Efforts to restore the Chesapeake Bay will benefit from nutrient trading to help meet stormwater requirements, which can be the most challenging to achieve. WRI and the Chesapeake Bay Foundation studied three counties—two in Maryland and one in Virginia—to explore the potential for nutrient trading with the stormwater sector.
This study assesses the impacts of different water sources (including surface water, groundwater, water transfer and desalination and wastewater reclamation) on the energy consumption of municipal water supply systems. Through the scenario analysis, the report also provides recommendations for policy makers to develop sustainable low-carbon water supply strategies and optimize the allocation of various types of water sources.
Water security drives state stability and safety in many regions of the world. The direct and indirect effects of water stress—such as migration, food shortages and general destabilization—transcend national boundaries.
Israel is joining a global movement towards holistic forest management that values ecosystem services.
Forest Resilience Bonds are a new investment instrument; money is fronted to pay for forest restoration, which improves water quality and reduces fires, with beneficiaries offering dividends.
A Colorado wildfire that caused $25 million in damage also played havoc with Denver's drinking water supply, prompting the Mile-High City and others to invest in watershed protection to safeguard forests where the water they need originates. Protecting forested watersheds is critical for utilities that serve over 10,000 U.S. cities. Here are 10 factors that can guide watershed investment.
Based on a 3-year comparative case study analysis of 13 watershed investment programs, this report provides lessons to guide water utilities and communities as they work together in protecting drinking water supply at the source.
Rapidly growing cities are finding it increasingly difficult to provide their residents with core services, like housing, water, energy and transportation — a challenge that is exacerbated as the share of poor people living in urban areas grows. New research from the World Resources Institute finds that in most cities in the Global South, more than 70 percent of residents lack reliable access to basic services like livable, well-located housing; clean water; sustainable energy; and accessible and affordable transportation. The World Resources Report: Towards a More Equal City examines whether prioritizing access to core urban services will create cities that are prosperous and sustainable for all people.
As communities around the world face a growing water crisis, the need for lower-cost means to secure ample and clean water is becoming increasingly important.
A changing climate means less rain and lower water supplies in regions where many people live and much of the planet's food is produced, as clouds retreat toward the North and South poles. A new study shows this cloud shift is already taking place, with huge implications for agriculture, industry and municipal water provisioning.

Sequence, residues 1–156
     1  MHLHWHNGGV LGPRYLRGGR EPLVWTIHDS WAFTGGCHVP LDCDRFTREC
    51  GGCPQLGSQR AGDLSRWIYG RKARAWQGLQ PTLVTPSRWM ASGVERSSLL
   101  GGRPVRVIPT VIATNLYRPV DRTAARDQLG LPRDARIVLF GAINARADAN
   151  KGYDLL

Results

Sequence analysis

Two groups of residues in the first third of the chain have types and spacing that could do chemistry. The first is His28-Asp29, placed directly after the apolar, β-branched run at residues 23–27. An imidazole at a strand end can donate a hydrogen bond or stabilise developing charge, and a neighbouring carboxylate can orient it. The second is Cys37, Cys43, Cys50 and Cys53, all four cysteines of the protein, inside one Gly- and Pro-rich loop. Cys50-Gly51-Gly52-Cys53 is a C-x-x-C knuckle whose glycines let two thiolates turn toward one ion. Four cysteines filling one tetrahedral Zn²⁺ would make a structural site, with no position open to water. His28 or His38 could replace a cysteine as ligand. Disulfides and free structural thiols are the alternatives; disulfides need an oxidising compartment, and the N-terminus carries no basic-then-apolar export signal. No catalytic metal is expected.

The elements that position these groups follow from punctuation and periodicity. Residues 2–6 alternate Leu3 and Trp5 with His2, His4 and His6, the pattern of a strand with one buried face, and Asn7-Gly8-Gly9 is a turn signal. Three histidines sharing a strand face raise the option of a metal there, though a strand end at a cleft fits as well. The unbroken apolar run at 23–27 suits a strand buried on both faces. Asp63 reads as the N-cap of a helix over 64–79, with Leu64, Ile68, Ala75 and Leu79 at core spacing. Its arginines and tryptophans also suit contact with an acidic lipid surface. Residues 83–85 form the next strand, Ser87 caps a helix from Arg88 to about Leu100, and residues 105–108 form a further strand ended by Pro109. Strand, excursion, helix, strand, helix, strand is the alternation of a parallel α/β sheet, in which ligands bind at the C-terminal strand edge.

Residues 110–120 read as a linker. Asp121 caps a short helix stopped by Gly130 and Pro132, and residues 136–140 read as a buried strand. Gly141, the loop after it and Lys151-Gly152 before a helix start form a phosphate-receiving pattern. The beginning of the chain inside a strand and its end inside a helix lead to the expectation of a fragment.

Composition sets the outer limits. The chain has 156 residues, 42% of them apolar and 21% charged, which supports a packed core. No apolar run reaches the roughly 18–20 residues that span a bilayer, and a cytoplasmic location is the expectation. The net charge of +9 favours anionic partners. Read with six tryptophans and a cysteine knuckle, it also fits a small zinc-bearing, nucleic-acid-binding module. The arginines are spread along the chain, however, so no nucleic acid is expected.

Read this blog post in English.
Cities and women can be key players in managing future water demand, including reducing risks from the fastest-growing water users--energy and industrial activities.
More than 80 percent of the Caribbean's wastewater enters the ocean untreated, spurring the growth of algae on coral reefs and increasing the risk of infections for swimmers, among other issues. While many have been aware of this problem in Tobago for more than 20 years, there's been little government action.
Research on future water risk finds that rapidly growing demand for water will drive the greatest increase in water stress, even more so than supply changes caused by droughts and other extreme events.
The Flint water crisis an example of what can happen in the absence of transparent, inclusive and accountable water quality regulation and public service delivery. And unfortunately, it's just one community out of many throughout the world experiencing this problem.
New research from World Resources Institute finds the average American could cut their diet-related environmental impacts nearly in half just by eating less meat and dairy. Shifting Diets for a Sustainable Food Future presents solutions to the challenge of feeding a growing population by reducing animal protein consumption, especially beef, and helping shift billions of people to more sustainable diets.
When people think about food and sustainability, they typically focus on how the food is produced—is it locally sourced, pasture-fed or organic? New WRI research shows that the question of what is eaten is just as important.
More than 100 companies have now committed to use the best science available as the basis for setting greenhouse gas emissions-reduction targets. Targets informed by science might well be effective in reducing risks posed by water as well—but there are hurdles to overcome first.
Four Chinese cities are pursuing systems that turn "sludge," the organic matter left over from treated sewage, into energy. The systems can reduce emissions, energy consumption and water pollution all while saving money.
While droughts, floods and increasingly rapid groundwater depletion are cause for concern, this year presents unprecedented opportunities to pursue better water management. Director of WRI's Global Water program Betsy Otto explains.